An Indiana University – Purdue University Indianapolis (IUPUI)administrator and professor, Genevieve Shaker has spent many years working in the field of philanthropy. Recently, Genevieve was honored with two awards. The Association of Fundraising Professionals selected Genevieve as the recipient of the organization’s 2015 Emerging Scholar Award. The award is recognition of Shaker’s work and research to shape the fields of fundraising and philanthropy as it provides insight regarding the donor motivations and giving trends. The Indianapolis Business Journal (IBJ) honored Dr. Shaker by selecting her for their annual ‘Forty Under 40’ list, which recognizes exceptional individuals who are accomplishing great things in their field as well as in the Indianapolis community. The Center for Arab American Philanthropy (CAAP) had a chance to speak with
Genevieve to congratulate her on her awards and learn more about her work and
As she was growing up, Genevieve was surrounded by generosity. Her grandmother was Executive Director of the American Lung Association in her Ohio community and there was a history of public service on both sides of her family; her parents were educators, and others were involved in education and service as well, including her brother who is also a university professor. It comes as no surprise then, to see that Genevieve got involved in the world of philanthropy at a young age, as part of the Girl Scouts and as a volunteer at her local library as a high school student.
Genevieve went on to higher education, receiving her master’s degree in philanthropy from IUPUI and beginning a career on campus shortly thereafter. While working at IUPUI she earned her doctorate in higher education administration from IU Bloomington, with a minor in philanthropy. Today, Genevieve has a prominent role at IUPUI, working as an administrator for the university in development and communications for the School of Liberal Arts and teaching and participating in research for the Lilly Family School of Philanthropy.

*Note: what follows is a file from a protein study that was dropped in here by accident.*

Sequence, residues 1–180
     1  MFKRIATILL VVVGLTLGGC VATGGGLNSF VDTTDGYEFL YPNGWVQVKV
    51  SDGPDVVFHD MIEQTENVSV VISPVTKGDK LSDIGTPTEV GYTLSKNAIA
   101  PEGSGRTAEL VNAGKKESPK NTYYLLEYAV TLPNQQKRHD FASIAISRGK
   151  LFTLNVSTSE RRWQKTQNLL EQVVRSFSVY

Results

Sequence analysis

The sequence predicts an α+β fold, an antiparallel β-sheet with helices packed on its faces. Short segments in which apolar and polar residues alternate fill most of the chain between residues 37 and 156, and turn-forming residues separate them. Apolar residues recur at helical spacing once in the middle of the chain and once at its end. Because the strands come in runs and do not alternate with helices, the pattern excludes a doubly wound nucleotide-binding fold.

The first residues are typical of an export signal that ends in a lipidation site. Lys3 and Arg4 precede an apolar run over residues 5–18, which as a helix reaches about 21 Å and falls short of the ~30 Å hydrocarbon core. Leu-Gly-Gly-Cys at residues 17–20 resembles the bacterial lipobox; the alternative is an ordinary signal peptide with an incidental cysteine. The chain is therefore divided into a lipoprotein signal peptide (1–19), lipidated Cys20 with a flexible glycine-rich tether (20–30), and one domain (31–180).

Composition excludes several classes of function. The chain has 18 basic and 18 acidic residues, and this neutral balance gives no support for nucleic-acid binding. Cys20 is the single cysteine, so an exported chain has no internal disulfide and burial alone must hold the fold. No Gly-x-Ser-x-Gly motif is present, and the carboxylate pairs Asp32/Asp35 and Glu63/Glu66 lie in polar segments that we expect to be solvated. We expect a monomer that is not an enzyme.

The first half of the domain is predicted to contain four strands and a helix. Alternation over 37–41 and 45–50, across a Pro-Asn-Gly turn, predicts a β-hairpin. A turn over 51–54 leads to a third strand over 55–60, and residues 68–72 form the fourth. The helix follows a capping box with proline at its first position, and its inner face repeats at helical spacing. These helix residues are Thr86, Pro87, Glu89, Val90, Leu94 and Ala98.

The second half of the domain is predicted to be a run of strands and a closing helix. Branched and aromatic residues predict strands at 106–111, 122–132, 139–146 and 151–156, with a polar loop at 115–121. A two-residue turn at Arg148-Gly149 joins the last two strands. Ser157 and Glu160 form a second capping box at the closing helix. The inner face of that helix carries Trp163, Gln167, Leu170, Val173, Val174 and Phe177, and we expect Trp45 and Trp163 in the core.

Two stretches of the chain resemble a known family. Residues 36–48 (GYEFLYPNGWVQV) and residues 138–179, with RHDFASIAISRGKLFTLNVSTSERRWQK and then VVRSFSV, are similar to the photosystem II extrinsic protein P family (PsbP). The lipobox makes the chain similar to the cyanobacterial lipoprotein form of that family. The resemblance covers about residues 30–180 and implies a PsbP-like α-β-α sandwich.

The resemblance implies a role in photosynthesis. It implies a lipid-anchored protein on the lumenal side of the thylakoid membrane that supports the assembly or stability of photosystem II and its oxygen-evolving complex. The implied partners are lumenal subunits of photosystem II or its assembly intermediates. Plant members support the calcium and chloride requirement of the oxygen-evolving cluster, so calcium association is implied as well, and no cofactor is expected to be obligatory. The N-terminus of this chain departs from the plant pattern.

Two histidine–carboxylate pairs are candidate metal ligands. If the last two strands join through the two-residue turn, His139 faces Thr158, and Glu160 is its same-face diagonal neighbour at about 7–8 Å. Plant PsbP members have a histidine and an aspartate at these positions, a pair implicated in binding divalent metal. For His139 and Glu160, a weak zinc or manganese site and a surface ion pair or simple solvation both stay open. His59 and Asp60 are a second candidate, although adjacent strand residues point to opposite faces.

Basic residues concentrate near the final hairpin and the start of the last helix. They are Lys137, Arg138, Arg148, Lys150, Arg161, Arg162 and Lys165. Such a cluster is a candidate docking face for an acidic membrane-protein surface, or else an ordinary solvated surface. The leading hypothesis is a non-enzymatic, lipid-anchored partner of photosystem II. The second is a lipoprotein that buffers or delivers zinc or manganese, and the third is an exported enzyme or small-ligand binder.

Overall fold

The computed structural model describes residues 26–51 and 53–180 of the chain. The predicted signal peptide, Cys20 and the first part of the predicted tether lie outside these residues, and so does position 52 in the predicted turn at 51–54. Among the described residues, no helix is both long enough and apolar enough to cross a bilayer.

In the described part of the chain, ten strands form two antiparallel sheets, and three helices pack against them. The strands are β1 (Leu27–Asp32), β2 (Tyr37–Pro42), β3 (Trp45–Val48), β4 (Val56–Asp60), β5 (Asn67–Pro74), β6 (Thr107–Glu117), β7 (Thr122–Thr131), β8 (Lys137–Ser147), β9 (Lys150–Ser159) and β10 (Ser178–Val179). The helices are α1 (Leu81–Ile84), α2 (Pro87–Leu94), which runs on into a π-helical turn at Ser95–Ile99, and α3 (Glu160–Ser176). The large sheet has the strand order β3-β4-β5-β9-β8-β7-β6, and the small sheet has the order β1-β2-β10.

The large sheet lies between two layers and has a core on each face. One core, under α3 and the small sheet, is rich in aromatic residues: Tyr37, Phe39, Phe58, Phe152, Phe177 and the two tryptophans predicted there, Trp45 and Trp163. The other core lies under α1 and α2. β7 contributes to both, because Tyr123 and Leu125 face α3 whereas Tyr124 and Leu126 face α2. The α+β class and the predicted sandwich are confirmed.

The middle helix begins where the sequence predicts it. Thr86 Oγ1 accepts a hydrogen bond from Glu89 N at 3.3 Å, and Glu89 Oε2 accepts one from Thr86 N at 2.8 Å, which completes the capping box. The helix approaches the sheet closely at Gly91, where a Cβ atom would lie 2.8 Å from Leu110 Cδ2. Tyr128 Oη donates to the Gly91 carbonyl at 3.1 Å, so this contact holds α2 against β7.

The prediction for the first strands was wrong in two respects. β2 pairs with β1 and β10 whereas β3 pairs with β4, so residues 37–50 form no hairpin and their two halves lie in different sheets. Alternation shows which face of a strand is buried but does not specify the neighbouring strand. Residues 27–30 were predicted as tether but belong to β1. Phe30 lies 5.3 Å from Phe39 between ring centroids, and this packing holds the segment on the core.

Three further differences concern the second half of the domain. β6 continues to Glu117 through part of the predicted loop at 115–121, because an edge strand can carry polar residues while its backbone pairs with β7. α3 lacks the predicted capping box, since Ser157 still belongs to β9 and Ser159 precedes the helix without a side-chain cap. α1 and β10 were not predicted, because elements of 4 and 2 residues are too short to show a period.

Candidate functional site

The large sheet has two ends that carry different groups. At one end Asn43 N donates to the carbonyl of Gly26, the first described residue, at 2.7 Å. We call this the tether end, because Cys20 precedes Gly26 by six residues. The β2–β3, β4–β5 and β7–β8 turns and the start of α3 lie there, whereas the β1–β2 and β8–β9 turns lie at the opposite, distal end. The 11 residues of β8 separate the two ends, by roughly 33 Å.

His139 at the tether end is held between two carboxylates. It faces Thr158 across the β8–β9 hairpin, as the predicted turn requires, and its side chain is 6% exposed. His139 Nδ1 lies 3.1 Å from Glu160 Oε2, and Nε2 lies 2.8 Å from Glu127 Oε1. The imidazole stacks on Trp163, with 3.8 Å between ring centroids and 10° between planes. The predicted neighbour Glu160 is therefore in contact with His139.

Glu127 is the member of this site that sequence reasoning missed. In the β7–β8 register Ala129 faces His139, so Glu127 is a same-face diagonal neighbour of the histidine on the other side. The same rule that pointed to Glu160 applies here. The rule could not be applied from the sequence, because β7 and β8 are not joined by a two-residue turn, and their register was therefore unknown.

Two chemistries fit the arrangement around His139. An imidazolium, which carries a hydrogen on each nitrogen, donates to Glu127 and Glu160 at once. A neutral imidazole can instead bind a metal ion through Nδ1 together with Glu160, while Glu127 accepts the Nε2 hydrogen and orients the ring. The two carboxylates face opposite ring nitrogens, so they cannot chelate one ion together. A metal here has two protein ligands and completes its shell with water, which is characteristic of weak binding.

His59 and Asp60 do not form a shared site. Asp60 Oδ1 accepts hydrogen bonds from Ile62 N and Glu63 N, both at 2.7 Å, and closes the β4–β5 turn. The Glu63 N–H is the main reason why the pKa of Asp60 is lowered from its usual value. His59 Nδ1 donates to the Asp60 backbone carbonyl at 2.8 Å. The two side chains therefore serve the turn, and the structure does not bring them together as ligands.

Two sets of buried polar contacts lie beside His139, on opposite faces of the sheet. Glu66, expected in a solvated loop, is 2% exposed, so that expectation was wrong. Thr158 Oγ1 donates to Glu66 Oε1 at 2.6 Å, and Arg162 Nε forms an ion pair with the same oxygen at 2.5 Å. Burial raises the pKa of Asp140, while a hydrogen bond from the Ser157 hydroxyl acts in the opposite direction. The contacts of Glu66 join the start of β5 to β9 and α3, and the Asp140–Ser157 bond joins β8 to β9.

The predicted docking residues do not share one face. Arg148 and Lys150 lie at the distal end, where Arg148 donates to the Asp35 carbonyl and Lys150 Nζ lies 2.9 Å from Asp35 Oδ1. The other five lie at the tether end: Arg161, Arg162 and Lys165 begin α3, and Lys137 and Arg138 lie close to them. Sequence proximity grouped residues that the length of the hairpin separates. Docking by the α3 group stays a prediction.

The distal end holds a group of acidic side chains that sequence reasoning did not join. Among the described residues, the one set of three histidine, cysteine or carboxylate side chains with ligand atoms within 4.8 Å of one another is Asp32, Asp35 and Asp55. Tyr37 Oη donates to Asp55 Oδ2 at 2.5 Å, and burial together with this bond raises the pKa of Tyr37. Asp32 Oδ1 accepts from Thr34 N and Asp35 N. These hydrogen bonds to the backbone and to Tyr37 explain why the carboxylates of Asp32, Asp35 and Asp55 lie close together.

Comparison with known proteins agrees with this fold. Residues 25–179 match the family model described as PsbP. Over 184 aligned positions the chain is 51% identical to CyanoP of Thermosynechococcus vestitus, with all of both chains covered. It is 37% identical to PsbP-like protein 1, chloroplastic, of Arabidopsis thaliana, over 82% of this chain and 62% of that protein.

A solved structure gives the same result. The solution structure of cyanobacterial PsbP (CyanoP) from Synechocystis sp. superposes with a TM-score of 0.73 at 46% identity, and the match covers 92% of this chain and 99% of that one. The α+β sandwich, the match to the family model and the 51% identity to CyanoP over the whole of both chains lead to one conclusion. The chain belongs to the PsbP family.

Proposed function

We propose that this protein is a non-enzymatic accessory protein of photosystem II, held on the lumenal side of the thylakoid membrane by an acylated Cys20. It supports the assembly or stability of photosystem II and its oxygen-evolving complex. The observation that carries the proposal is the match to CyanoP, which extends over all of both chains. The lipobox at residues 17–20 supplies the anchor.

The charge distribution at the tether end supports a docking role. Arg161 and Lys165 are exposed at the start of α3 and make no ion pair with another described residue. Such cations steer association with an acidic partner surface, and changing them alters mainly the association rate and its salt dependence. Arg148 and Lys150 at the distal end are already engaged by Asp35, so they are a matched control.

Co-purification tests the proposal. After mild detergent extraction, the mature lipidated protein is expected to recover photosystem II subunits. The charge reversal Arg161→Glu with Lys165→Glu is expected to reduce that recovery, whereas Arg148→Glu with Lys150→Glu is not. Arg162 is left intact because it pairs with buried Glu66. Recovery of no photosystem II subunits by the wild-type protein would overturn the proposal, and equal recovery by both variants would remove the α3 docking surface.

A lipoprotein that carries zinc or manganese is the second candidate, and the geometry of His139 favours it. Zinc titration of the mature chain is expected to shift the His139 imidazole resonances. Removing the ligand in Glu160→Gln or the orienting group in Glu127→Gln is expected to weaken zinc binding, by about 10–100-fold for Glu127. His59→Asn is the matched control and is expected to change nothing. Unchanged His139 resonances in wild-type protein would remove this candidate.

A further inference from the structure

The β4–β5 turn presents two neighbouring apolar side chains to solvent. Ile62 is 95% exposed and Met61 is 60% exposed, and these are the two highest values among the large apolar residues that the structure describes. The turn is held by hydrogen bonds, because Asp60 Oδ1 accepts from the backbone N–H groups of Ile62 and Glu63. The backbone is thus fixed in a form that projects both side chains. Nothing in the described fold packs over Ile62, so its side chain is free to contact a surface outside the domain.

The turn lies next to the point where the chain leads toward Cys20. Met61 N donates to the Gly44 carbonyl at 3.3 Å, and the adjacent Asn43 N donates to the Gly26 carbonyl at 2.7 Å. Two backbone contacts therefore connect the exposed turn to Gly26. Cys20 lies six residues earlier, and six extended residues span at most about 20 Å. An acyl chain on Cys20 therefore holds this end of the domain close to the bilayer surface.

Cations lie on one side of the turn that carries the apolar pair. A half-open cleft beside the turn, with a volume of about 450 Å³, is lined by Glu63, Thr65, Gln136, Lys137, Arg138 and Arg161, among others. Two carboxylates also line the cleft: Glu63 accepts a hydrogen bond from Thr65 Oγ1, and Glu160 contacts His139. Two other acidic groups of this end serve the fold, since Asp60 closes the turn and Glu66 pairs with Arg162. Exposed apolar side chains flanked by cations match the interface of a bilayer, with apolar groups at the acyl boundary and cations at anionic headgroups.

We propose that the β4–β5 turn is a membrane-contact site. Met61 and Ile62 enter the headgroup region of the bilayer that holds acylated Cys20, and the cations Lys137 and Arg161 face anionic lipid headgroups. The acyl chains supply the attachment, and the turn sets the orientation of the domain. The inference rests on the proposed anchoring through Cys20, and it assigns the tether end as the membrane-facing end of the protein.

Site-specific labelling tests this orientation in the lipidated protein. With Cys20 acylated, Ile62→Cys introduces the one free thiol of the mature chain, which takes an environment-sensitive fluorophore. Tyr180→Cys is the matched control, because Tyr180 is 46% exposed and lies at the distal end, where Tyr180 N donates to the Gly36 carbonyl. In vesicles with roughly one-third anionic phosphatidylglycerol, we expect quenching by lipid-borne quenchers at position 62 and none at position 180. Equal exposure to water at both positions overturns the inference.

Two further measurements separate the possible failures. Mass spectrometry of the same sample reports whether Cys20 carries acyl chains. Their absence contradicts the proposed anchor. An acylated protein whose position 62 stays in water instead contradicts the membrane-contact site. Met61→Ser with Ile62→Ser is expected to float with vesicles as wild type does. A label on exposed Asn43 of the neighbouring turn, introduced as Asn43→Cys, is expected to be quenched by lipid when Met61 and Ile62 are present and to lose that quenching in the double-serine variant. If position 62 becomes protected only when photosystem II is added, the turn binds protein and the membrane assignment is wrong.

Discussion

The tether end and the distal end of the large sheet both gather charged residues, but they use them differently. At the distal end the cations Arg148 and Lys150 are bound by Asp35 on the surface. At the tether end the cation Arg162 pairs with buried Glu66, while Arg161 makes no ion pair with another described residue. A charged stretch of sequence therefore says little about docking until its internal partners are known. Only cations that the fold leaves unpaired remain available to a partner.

Dr. Shaker says her interests and values are a result of the culture and tradition of both sides of her family—and awareness that the United States is a nation of immigrants. Her father’s grandparents hailed from Lebanon, while her mother’s side is of European origin; she lived with her parents in several different countries, making her aware of just how important community really is. Genevieve proudly identifies as Lebanese American and a citizen with global responsibilities. She supports a variety of causes in her local community, including the Red Cross where she serves as a board member, emphasizing that local philanthropy can have broad-reaching impact in today’s global society. Her main passion is supporting community needs and helping others to give and spread generosity. When asked what her greatest achievement was, Ms. Shaker replied that she believes her role is to thoughtfully facilitate and foster the philanthropy of community members. She considers being able to help people make life-changing gifts to the university and teaching students about philanthropy to be a privilege and joy; it’s satisfying, she says, to support the development and fulfillment of others’ philanthropic dreams and goals.
Her advice for those wishing to get involved in philanthropy? Follow your passions. It’s important to “figure out what it is you really care about” and support it. As a university professor, she sees young people who feel they do not possess the necessary funds to be philanthropic, which prevents them from exploring their own potential. Genevieve says that such things should not hold people back; there are many ways to give that are not monetary and people should not “underestimate what they can do as individuals or communities”. Giving of time and talent is as important as giving money, she says.
Thanks for taking the time to speak with us, Genevieve! We congratulate you on your well-deserved awards and recognition and hope you continue to bring change and inspire others to give. If you are interested in reading about more Arab Americans Who Care, read our blog series.